Bell: “A wild Indy 500 without the finish we desired”

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NBCSN Verizon IndyCar Series analyst Townsend Bell will be writing a series of blogs for this month. Here’s his fifth and final entry, filed after a 14th place finish in the No. 24 Robert Graham Special Chevrolet for Dreyer & Reinbold – Kingdom Racing.

Bell’s day began with a chance to meet Jeff Gordon, who Bell was honoring with the No. 24 car selection choice, and then featured a wild ride as he avoided several accidents and gained spots thanks to great pit work. 

Past blogs of the month are linked here (first blogsecond blogthird blog, fourth blogcockpit analysis).

Bell with Gordon family. Photo: DRR IndyCar

Hey there, it’s Townsend Bell with my final chapter from the 2015 Indy 500.

It’s been a pretty long couple of weeks at the Indianapolis Motor Speedway with a variety of interesting aspects.

We were very pleased with our Dreyer & Reinbold – Kingdom Racing team’s race setup on the No. 24 Robert Graham Special Chevrolet. I felt good about how the race car worked in traffic and with a lot of fuel in the tanks. In the first week of action, we were in the top-10 (and second once) almost every day of practice runs. Then Chevrolet brought in the qualifying body kits and our car wasn’t as good, to be honest. At least, that was the case with our car.

But we still felt good going into qualifying last Sunday. But, after Ed Carpenter’s violent crash on Sunday morning, the Verizon IndyCar Series officials decided to change the turbo boost readings and go with race trim body kits. We were pleased with that decision. Okay, we feel good about that call and our settings.

Unfortunately, we had some type of issue in qualifying and I was upset that we were 26th on grid. I knew we had a better car than 26th. It felt pretty on Friday’s Carb Day too.

After the parade and various appearances on Saturday, I focused on moving through the field in Sunday’s 99th Indy 500. Our team is sensational on pit stops and the engineering staff led by Jeff Britton was confident we could move into the top-ten by the middle of the race. I know Dennis Reinbold, our team owner, felt we had a very good race car and told the team that before the race.

Photo: DRR IndyCar

One of the highlights of the day came before the start of the race when five-time Brickyard 400 champion Jeff Gordon, serving as the Indy 500 pace car driver, brought his family by our Robert Graham Special.

I was always a big fan of Jeff’s. It was his style and how he handled himself. When Dennis (Reinbold) asked what number I wanted for the Indy 500, I ran through some numbers but said stop at 24. I want to do a tribute to Jeff at the Brickyard. He is a legend there.

So we picked the No. 24 in the same script as Jeff’s Chevy stock car. And we also took all of his winning Brickyard photos and made a montage in our cockpit for this year’s race. We didn’t know he would drive the Corvette pace car too. It was a great tie-in. And very nice to chat with him and his family before the race today.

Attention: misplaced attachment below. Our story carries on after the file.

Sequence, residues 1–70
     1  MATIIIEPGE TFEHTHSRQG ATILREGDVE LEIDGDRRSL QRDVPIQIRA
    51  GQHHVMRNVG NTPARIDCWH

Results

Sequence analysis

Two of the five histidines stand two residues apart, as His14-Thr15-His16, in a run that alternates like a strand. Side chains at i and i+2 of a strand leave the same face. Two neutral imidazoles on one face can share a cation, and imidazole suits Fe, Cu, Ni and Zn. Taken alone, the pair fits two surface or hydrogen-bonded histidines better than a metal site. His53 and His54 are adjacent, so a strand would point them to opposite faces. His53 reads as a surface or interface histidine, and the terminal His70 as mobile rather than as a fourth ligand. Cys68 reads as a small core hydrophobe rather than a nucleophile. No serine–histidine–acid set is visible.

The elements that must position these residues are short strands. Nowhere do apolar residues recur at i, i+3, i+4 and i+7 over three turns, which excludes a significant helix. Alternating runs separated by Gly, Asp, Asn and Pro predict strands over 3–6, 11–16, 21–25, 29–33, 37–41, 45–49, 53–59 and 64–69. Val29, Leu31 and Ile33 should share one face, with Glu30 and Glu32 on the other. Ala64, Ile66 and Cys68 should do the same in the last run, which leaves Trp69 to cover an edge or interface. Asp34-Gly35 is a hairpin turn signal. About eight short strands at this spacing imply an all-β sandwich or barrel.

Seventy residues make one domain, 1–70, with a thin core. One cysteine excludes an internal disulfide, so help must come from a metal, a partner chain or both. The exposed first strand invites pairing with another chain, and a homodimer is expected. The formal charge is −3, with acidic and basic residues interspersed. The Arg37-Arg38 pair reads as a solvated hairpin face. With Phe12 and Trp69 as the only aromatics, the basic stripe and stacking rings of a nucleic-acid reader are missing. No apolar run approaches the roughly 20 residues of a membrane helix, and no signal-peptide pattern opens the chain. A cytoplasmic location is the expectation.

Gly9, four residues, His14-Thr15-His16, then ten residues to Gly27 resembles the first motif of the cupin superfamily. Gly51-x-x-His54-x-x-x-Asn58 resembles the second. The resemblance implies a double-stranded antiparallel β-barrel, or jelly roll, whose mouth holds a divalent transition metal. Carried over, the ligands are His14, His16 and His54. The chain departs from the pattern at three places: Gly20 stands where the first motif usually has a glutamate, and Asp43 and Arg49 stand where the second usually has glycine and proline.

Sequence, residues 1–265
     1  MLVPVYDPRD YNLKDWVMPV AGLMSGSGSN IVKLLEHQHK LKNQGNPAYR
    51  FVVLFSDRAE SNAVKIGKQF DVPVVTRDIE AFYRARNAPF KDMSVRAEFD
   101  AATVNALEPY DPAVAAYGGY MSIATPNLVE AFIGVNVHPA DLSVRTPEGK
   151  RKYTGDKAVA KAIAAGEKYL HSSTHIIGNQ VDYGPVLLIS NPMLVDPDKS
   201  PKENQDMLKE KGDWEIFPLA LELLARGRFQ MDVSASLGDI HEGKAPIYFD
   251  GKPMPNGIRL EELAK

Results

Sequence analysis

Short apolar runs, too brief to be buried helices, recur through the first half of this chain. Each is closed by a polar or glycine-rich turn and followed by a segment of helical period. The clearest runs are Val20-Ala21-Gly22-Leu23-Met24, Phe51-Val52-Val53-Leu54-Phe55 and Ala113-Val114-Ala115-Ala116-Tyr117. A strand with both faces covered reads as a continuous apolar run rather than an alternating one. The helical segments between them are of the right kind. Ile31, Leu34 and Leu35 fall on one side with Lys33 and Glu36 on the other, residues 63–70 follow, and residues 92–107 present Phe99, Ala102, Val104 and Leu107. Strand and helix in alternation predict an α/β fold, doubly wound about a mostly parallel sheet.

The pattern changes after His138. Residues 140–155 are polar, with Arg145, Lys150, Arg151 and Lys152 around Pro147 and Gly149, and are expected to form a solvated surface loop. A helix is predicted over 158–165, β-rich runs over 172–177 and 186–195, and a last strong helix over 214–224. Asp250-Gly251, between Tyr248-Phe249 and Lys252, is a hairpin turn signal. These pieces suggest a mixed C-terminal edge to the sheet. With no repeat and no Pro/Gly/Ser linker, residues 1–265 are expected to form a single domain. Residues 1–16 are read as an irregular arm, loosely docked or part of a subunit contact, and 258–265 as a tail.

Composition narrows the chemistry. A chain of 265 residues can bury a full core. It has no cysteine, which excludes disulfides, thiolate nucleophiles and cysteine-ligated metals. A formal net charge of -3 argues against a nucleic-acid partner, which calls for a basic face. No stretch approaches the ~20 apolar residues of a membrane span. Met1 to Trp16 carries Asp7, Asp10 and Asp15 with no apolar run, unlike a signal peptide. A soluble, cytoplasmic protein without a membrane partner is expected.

As I climbed in the race car for the start of my ninth Indy 500, I still get a little bit of butterflies in the stomach, but I do feel good sitting the cockpit with the helmet on. I kinda go into a little zone. I knew I needed to be patient start in the back of the 33-car field. We actually started 23rd due to drivers being injured and switching cars.

Photo: DRR IndyCar

The race got weird immediately when I looked left of me and Conor Daly’s car was fire on the pace laps. I tried to wave to him to pull off and he finally did it. I felt very badly for Conor as we were neighbors when my family lived in Indy quite a while ago. In fact, I think Conor was nine year old. Gee, I feel older when I see him now driving in the Indy 500.

At the start of the race, I saw that Sage Karam and Takuma Sato got together on the outside of the turn short chute. I was sure that Sato was going to hit my right rear tire when he came off the wall. I had to do a big swerve to the inside to avoid him. Now that got my attention.

My first stint Sunday was pretty shaky as the car was pushing (understeer) badly. But we took on a half-turn of front wing on our first pit stop and the Robert Graham Special really came alive. I think I passed like nine cars in the next stint. We really didn’t make too many changes throughout the race after that. We were running in the top-10 by lap 100. That was our goal.

But it was a wild race in the middle of the field. I thought there was going to be a couple of big crashes on the back straight. I’m not sure how everyone made it through some of that stuff. At times, there were people on the inside in the grass and in the gray stuff near the wall. It was just pretty crazy. I’m not sure of the television viewers saw that on the telecast but it was very wild from my seat.

Bell races Ryan Briscoe, in the No. 5 Arrow/Lucas Oil Schmidt Peterson Honda. Photo: INDYCAR

The last stint wasn’t the best but our Dreyer & Reinbold – Kingdom Racing crew was spectacular on the last pit stop. In fact, they were outstanding all day with the pit stops. Overall, the conditions were difficult at the end and we didn’t have the setup to stay in the top-ten. Graham (Rahal) took fifth and I raced with him a lot today. I passed Marco (Andretti) several times and he place sixth. We just were a little light in downforce later in the race.

I’m happy to take it to the checkered flag. Just wish we would have finished further up on the scoring pylon. Taking 14th is a tough with all of the hard work our team put in this month at Indy.

But as a single-car team, I think we proved that our team could be a contender in the Indy 500. I’m anxious to get back to the “Greatest Spectacle in Racing” next year.